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Sensory Modality and Speech Perception
Future research can be designed to test additional aspects of the theory. Fortunately, the theory makes some very spe- cific predictions. For example, if multisensory perception is actually a consequence of common supramodal informa- tion contained in both light and sound, then “integration” functionally occurs at the level of the stimulus input. If this is true, evidence of integration should be observed at the earli- est stages. Potentially, early integration is already evidenced by (1) visual modulation of early auditory brain areas and (2) crossmodal influences of low-level speech features, such as the voice onset timing distinguishing “p” from “b.” How- ever, other researchers have argued that the modalities stay separate up through the determination of words (Bernstein et al., 2004a). Future research will need to examine additional evidence for early versus later integration of the channels.
Relatedly, if as the supramodal approach claims, integration
is a function of the input itself, then integration should be “impenetrable” to other cognitive influences (e.g., higher level linguistics, attention). However, a number of studies have shown higher level lexical influences on the strength of the
McGurk effect (e.g., Brancazio, 2004), contrary to the predic- tion of the supramodal account. As intimated above, however, the McGurk effect is not a straight forward tool for measuring integration. Very recent research suggests that lexical influ- ences may actually bear on postintegration categorization of segments (Dorsi, 2019). Still, more research is needed to determine the degree to which multisensory integration is impenetrable to outside cognition.
Finally, although work has been conducted to discover supramodal information across audio and visual channels, similar principles may apply to the haptic channel as well. As discussed, the haptic channel seems to induce the same per- ceptual and neurophysiological cross-sensory modulations as audio and visual speech. It is less clear how an informational form in the haptic stream could be supramodal with the other channels (but see Turvey and Fonseca, 2014). Future research can address this question to explain the miraculous abili- ties of Rick Joy to provide his speech brain with articulatory information from a most surprising source.
Alsius, A., Paré, M., and Munhall, K. G. (2018). Forty years after hearing lips and seeing voices: the McGurk effect revisited. Multisensory Research 31(1-2), 111-144.
Altieri, N., Pisoni, D. B., and Townsend, J. T. (2011). Some behavioral and neurobiological constraints on theories of audiovisual speech integra- tion: A review and suggestions for new directions. Seeing and Perceiving 24(6), 513-539.
Arnold, P., and Hill, F. (2001). Bisensory augmentation: A speechreading advantage when speech is clearly audible and intact. British Journal of Psychology 92(2), 339-355.
Bernstein, L. E., Auer, E. T., Jr., and Moore, J. K. (2004a). Convergence or association? In G. A. Calvert, C. Spence, and B. E. Stein (Eds.), Handbook of Multisensory Processes. MIT Press, Cambridge, MA, pp. 203-220.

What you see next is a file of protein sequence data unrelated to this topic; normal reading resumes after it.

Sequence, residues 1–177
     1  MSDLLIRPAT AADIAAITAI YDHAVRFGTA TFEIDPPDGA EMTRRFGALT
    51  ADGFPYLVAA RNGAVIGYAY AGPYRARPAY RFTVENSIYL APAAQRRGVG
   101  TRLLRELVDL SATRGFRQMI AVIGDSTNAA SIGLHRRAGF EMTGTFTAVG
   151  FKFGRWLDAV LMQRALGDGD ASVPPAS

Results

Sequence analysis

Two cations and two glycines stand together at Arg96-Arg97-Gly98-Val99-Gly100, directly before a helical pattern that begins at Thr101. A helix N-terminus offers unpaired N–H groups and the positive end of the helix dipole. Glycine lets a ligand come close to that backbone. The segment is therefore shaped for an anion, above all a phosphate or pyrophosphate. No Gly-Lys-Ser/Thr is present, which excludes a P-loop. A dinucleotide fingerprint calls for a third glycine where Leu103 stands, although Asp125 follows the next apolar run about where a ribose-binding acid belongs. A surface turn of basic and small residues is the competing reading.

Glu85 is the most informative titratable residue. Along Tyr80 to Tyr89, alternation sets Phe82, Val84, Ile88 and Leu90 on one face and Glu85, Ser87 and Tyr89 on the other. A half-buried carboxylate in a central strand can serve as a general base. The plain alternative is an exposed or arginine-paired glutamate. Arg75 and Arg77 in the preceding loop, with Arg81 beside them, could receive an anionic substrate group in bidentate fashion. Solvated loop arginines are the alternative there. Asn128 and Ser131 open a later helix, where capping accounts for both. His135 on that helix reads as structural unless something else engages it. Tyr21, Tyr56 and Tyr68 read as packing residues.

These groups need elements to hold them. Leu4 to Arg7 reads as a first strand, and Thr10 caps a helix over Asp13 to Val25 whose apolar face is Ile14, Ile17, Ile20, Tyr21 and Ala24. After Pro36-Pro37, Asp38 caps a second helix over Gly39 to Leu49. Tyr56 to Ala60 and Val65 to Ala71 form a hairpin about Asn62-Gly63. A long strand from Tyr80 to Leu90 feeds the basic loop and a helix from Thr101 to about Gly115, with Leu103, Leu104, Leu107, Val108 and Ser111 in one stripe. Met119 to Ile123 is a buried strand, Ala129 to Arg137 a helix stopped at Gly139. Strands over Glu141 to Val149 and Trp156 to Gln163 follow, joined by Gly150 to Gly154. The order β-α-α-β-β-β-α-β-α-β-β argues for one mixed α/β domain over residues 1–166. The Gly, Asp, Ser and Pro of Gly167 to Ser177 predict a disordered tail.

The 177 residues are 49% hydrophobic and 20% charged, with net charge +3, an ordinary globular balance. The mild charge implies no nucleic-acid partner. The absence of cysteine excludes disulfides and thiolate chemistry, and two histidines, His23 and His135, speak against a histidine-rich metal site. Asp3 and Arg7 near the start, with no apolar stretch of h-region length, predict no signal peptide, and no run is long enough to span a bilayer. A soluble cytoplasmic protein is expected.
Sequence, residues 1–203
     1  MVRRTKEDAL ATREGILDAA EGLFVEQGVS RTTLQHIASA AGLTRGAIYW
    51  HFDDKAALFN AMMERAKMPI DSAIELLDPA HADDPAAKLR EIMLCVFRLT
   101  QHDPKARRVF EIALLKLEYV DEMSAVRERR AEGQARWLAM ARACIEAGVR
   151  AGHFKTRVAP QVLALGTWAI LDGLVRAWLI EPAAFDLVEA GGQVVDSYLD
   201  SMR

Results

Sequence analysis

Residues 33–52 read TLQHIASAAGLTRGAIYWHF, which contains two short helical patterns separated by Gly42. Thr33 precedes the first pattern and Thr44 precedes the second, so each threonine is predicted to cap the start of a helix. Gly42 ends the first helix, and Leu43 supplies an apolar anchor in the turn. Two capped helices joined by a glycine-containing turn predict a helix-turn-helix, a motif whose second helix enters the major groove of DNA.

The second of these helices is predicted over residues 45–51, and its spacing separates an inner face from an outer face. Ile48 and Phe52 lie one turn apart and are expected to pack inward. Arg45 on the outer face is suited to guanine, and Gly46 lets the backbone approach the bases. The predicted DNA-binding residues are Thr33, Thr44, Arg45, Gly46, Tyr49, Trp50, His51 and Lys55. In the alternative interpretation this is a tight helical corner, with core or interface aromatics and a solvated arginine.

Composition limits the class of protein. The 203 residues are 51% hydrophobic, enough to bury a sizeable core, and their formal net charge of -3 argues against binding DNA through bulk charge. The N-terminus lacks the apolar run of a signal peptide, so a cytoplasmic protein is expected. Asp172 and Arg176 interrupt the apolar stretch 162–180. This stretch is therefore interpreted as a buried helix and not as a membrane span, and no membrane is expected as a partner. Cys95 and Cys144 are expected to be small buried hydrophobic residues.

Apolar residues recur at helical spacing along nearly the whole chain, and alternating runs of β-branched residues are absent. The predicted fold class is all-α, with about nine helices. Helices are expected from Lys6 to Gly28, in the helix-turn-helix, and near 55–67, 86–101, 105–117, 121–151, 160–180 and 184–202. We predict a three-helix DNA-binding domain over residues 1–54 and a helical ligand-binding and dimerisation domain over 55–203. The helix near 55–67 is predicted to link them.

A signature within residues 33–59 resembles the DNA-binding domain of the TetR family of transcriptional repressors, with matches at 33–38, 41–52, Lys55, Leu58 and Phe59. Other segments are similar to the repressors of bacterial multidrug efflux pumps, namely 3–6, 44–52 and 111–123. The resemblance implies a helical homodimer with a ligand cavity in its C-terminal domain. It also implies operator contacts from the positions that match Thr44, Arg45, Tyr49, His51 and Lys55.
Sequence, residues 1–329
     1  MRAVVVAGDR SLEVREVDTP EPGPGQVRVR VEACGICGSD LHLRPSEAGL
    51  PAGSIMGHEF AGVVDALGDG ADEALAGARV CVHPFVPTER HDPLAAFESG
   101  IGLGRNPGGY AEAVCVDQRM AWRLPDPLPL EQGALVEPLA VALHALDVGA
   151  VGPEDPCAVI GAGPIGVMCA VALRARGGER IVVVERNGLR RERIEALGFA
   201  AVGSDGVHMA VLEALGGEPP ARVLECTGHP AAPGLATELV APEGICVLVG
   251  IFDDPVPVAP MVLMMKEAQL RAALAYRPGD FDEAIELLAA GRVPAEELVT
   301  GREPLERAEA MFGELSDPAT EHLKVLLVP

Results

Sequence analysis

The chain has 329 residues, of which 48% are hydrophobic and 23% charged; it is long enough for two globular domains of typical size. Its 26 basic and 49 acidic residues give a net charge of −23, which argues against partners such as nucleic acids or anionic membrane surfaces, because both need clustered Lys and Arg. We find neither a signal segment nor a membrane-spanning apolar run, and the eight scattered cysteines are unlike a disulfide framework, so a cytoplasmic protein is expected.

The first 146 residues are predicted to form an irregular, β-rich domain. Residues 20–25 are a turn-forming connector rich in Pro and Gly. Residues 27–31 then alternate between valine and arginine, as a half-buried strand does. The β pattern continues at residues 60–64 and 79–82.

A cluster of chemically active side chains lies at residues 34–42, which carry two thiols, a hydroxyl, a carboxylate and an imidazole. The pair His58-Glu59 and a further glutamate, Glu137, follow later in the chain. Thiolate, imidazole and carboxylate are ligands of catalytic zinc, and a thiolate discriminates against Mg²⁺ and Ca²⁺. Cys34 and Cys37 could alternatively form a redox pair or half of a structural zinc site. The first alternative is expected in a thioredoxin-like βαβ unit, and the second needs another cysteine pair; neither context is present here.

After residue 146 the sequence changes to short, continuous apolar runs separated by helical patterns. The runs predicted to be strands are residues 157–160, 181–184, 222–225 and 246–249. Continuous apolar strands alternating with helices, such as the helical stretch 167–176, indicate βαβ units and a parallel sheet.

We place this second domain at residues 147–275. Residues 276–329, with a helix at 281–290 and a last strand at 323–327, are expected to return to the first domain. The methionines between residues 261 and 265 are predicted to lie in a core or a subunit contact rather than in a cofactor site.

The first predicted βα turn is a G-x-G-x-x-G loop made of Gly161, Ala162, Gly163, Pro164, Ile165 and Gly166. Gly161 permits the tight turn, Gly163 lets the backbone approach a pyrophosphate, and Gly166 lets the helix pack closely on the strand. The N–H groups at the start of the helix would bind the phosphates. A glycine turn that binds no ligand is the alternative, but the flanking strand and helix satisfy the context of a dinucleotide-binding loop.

Bernstein, L. E., Auer, E. T., Jr., and Takayanagi, S. (2004b). Auditory speech detection in noise enhanced by lipreading. Speech Communication 44(1), 5-18.
Bertelson, P., and de Gelder, B. (2004). The psychology of multi-sensory per- ception. In C. Spence and J. Driver (Eds.), Crossmodal Space and Crossmodal
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Brancazio, L., and Miller, J. L. (2005). Use of visual information in speech
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Burnham, D., Ciocca, V., Lauw, C., Lau, S., and Stokes, S. (2000). Percep-
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Callan, D. E., Callan, A. M., Kroos, C., and Vatikiotis-Bateson, E. (2001).
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Callan, D. E., Jones, J. A., and Callan, A. (2014). Multisensory and modality specific processing of visual speech in different regions of the premotor cortex. Frontiers in Psychology 5, 389. fpsyg.2014.00389.
Callan, D. E., Jones, J. A., Munhall, K., Callan, A. M., Kroos, C., and Vatikiotis-Bateson, E. (2003). Neural processes underlying perceptual enhancement by visual speech gestures. NeuroReport 14(17), 2213-2218.
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Delvaux, V., Huet, K., Piccaluga, M., and Harmegnies, B. (2018). The per- ception of anticipatory labial coarticulation by blind listeners in noise: A comparison with sighted listeners in audio-only, visual-only and audiovi- sual conditions. Journal of Phonetics 67, 65-77.
Dias, J. W., and Rosenblum, L. D. (2016). Visibility of speech articula- tion enhances auditory phonetic convergence. Attention, Perception, & Psychophysics 78, 317-333.
Dorsi, J. (2019). Understanding Lexical and Multisensory Context Support of Speech Perception. Doctoral Dissertation, University of California, Riverside, Riverside.
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